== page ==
International journal of oncology vol:22 issue:4 pages:933-7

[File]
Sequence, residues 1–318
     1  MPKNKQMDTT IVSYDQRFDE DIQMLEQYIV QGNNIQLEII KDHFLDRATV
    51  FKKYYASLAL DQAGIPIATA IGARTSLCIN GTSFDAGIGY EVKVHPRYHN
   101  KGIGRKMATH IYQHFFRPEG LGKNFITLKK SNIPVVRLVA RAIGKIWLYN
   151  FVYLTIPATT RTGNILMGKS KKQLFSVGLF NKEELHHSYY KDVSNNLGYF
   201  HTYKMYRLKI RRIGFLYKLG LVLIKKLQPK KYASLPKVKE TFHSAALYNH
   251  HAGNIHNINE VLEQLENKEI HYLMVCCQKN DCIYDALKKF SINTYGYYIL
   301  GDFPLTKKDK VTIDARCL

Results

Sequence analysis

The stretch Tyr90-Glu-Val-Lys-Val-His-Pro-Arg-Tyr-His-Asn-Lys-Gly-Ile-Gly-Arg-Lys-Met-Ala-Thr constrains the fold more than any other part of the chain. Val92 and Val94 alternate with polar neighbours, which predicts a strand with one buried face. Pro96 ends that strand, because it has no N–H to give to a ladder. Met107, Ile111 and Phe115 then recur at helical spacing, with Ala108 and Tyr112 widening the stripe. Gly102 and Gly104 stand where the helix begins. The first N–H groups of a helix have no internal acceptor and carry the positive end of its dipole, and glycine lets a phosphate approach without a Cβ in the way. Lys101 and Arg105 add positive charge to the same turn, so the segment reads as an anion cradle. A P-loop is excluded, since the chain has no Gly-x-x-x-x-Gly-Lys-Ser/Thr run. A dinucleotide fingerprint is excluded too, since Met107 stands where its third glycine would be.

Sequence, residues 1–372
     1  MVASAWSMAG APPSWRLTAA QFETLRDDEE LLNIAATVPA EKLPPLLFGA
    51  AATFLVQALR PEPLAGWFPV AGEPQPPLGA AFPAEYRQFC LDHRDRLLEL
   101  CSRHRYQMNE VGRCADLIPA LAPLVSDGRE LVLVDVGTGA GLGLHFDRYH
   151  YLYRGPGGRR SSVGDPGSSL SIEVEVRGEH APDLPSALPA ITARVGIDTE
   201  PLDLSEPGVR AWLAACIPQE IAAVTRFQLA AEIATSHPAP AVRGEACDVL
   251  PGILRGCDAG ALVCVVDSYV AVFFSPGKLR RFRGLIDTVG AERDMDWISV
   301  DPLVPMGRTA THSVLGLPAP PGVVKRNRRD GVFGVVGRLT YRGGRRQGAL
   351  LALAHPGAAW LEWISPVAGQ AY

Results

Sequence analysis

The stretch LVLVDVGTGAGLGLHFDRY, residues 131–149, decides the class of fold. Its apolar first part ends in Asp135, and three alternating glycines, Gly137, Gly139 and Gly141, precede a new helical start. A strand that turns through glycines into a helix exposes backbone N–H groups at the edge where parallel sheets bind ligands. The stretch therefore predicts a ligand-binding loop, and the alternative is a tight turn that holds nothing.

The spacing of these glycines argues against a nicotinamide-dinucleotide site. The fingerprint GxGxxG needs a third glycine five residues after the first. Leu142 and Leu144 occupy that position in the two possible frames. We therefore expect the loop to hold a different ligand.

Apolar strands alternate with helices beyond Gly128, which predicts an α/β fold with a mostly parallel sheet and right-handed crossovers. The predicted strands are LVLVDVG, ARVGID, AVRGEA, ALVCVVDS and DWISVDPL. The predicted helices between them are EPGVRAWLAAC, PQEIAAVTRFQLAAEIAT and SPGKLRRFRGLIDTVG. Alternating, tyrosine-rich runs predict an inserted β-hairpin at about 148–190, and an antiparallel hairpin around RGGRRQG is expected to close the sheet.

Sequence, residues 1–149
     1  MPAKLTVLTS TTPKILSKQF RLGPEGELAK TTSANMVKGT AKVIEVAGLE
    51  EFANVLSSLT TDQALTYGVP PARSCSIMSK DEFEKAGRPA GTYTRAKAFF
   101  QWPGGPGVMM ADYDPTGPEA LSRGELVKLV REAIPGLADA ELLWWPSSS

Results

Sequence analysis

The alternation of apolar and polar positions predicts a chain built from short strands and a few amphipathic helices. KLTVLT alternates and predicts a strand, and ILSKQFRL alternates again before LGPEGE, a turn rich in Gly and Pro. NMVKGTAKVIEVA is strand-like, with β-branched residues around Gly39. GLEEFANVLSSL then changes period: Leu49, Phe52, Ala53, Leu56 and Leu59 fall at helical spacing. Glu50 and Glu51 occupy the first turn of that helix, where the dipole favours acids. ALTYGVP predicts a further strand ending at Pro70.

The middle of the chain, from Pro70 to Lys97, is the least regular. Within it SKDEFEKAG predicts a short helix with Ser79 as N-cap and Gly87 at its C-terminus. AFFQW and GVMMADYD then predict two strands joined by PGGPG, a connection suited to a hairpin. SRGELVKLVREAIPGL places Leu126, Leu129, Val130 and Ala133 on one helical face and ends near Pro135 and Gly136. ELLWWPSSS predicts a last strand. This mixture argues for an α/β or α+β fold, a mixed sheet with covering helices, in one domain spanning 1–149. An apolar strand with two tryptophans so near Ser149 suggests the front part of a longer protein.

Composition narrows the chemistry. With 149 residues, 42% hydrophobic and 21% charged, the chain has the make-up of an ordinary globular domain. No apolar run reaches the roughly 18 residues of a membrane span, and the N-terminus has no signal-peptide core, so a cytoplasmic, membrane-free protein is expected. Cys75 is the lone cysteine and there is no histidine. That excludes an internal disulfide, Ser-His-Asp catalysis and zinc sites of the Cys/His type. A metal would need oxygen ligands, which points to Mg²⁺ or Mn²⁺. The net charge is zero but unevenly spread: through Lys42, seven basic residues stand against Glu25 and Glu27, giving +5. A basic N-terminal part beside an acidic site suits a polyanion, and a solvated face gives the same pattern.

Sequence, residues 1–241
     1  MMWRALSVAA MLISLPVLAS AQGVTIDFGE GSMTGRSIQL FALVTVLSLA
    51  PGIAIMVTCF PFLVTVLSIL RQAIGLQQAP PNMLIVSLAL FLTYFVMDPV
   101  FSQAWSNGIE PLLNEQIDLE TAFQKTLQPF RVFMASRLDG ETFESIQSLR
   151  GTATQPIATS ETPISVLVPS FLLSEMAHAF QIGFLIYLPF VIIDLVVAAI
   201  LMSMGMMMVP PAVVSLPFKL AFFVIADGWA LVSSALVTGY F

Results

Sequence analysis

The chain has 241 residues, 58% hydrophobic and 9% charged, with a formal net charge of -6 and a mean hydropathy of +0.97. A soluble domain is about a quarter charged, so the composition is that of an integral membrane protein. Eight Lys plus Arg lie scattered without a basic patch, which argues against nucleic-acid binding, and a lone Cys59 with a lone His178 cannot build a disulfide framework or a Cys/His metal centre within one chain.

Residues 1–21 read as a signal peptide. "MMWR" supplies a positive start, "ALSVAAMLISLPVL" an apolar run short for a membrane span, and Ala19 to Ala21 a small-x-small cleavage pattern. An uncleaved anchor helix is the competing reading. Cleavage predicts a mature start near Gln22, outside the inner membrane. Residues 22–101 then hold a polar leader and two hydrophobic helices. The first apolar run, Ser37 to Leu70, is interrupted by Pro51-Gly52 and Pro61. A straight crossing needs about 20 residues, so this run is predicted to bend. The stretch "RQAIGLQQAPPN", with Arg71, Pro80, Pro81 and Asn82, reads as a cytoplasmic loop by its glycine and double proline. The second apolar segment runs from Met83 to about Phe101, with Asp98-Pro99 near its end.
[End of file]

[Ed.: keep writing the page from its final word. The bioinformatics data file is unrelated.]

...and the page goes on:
We have previously investigated the possibility of using hypericin as a diagnostic tool for the fluorescence detection of flat bladder carcinoma. In these clinical studies, it was shown that following intravesical application in humans, hypericin becomes selectively localized in transitional papillary carcinoma and carcinoma in situ (CIS). In the present study, we characterized the biodistribution of hypericin in rat bladder tumor and normal bladder layers after intravesical administration. The biodistribution was evaluated using fluorescence microscopy with computerized image analysis to image and quantify the fluorescence of hypericin across the urothelial tumor and normal bladder wall. The results show that the photosensitizer intravesical administration route provides selective labelling of both the tumor and normal urothelium. A hypericin dose and instillation time-dependent increase in the hypericin fluorescence intensity in both the tumor and urothelium was observed, without significant hypericin fluorescence in the submucosa and muscle layers. The highest fluorescence ratios in hypericin accumulation in the tumor and normal urothelium to the muscle layer were achieved at 4 h with 30 micro M hypericin (20:1 for the urothelium to muscle layer and 30:1 for the tumor to muscle layer). The difference in fluorescence intensity in tumor tissue to the muscle layer following instillation of 8 micro M hypericin was 11:1, 25:1 and 28:1 at 1, 2 and 4 h, respectively. The difference in fluorescence intensity in tumor tissue to the muscle layer using 30 micro M hypericin was 17:1, 27:1 and 31:1 at 1, 2 and 4 h, respectively. The highest absolute fluorescence levels were observed in the tumor at 4 h with 30 micro M hypericin instillation. The results suggest that under these conditions, PDT with hypericin is likely to produce uniform urothelial tumor eradication, without causing damage to the underlying muscle layers.